Dear Nagaraj and others,

Could you please point me to a textual reference for these terms? प्रागभाव, प्रध्वंसाभाव, अत्यंताभाव and  अन्योन्याभाव ?

I have also heard of them as delineations of the yogic experience of samadhi and I've always meant to try and track them down.


Dr Dean Anderson
East West Cultural Institute
Pondicherry, India and Austin, Texas

From: Nagaraj Paturi <>
To: alakendu das <>
Cc: Indology <>
Sent: Wednesday, January 4, 2017 1:00 PM
Subject: Re: [INDOLOGY] Attantya Abhava

If you look at प्रागभाव, प्रध्वंसाभाव, अत्यंताभाव and  अन्योन्याभाव , the other three relative , prior (pre-effect /pre-birth) absence, later (post-destruction) absence, mutual  absence (absence of one in relation (such as location) to the other). Hence अत्यंताभाव should be absolute absence. rūpaṃ is form not colour.

On Wed, Jan 4, 2017 at 12:24 PM, alakendu das <> wrote:


Thank you for your explanation. I,too, am aware of the fact that colour of
Wind is a befitting example of Attyanta Abhava.

However, in course of my Vedanta Philosophy
studies ,I got stuck over a particular issue. Does the statement' The pot does not exist in this
plane'(BHUTALE GHATA NASTI") can be taken as an example of AttantyaAbvhava? I am a bit sceptical
on this issue. AttantyaAbhava means something which has a constant multidimensional absence (
Trikaala Badhita). The absence of Pot in This plane may not necessarily mean it's absence in
other planes too.
In spite of this, can it be taken as an example of AttyantaAbhava.?



Nagaraj Paturi
Hyderabad, Telangana, INDIA.
Former Senior Professor of Cultural Studies
FLAME School of Communication and FLAME School of  Liberal Education,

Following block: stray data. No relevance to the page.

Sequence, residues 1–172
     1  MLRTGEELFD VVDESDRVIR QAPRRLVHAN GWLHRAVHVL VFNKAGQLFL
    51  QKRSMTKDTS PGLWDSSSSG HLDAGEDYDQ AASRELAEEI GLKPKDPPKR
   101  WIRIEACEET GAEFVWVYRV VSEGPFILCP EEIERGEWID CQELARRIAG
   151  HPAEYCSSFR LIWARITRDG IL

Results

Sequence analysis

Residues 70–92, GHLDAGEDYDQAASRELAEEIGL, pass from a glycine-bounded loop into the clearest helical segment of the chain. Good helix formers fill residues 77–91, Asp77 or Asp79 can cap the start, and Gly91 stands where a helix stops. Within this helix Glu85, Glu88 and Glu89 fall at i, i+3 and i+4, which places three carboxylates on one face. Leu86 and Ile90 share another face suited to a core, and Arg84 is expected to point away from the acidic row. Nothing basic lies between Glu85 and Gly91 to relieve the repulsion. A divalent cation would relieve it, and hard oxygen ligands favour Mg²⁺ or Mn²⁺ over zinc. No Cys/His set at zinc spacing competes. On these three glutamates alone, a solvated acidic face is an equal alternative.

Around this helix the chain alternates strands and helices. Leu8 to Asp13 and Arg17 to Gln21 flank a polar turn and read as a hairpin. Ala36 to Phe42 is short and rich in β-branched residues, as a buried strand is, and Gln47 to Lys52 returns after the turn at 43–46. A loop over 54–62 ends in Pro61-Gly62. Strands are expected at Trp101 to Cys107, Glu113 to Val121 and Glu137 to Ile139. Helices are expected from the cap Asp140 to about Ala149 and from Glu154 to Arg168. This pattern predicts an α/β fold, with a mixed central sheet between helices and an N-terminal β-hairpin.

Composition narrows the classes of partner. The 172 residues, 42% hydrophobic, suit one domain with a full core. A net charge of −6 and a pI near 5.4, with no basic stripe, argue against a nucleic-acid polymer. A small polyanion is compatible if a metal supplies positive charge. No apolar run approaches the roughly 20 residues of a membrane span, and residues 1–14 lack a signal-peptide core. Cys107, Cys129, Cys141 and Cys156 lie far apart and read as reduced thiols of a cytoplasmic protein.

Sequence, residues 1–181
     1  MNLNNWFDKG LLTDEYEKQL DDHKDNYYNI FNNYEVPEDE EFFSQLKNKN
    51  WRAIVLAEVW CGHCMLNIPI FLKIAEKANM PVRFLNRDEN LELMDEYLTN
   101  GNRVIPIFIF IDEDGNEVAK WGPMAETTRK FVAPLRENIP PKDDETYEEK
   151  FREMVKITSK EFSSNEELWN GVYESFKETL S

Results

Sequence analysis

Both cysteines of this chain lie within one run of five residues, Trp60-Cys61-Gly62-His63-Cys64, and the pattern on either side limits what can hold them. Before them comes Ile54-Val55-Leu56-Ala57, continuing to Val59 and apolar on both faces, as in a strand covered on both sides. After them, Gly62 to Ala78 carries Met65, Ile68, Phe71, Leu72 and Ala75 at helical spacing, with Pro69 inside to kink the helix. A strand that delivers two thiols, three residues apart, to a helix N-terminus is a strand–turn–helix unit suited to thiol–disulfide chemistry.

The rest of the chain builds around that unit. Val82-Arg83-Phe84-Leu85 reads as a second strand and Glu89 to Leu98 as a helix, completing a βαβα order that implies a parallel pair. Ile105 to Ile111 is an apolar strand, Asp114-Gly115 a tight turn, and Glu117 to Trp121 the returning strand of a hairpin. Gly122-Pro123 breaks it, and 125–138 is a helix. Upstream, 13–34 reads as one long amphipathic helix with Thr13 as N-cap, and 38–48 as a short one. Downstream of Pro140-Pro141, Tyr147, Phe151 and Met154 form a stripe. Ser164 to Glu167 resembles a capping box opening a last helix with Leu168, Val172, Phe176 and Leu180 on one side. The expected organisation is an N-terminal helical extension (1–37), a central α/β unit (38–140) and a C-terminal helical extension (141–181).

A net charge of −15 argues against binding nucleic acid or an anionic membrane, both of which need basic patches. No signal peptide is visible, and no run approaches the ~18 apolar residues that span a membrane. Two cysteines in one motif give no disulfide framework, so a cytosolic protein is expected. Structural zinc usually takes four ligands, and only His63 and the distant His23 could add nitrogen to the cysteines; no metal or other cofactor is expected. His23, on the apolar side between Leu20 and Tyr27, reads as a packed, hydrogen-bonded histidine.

(Pune, Maharashtra, INDIA )
Generally vandhyāsūtas and śaśṛṅgas are examples of what the
Nyāya-Vaiśeṣika philosophers refer to as "aprasiddha" terms, i.e. terms
that have no established object-correlate in the real world. In
Navya-Nyāya texts, the term atyanta(abhāva) is used to describe the
temporal extension of an absence but not its spatial extension (i.e. the
extent of its occurrence in real-world objects), hence Ingalls and
others translate it as "constant absence". In theory, anything (apart
from kevalānvayin properties and perhaps other special types of
properties or entities) could be the counterpositive of a constant
absence at least in a particular location or set of locations. The
Nyāyakośa defines it as : yad vastu yatra na kadāpi bhaviṣyati na ca
kadācid bhūtaṃ tasya vastunas tatrātyantābhāvo mantavyaḥ | yathā vāyau
rūpaṃ nāstīti pratītisākṣiko 'bhāvaḥ |

So an example could be the constant absence of colour in the wind.

Best regards,

Michael Williams

Am 03.01.2017 07:27, schrieb alakendu das:
> To ALL,
> A very very happy new year to All.
> In the Vaishisheka parlance, Abhava ( i.e.negation) has been
> classified as- Prag-Abhav,
> Dhangsh-Abhava and Attyanta-Abhava.
> Can anybody suggest an example of Attyanta Abhava.?

i believe that the standard example of the barren woman's son - bandhyaputra - counts as atyantābhava.

and, yes, happy new year to all!

Matthew Kapstein
Directeur d'études,
Ecole Pratique des Hautes Etudes

Numata Visiting Professor of Buddhist Studies,
The University of Chicago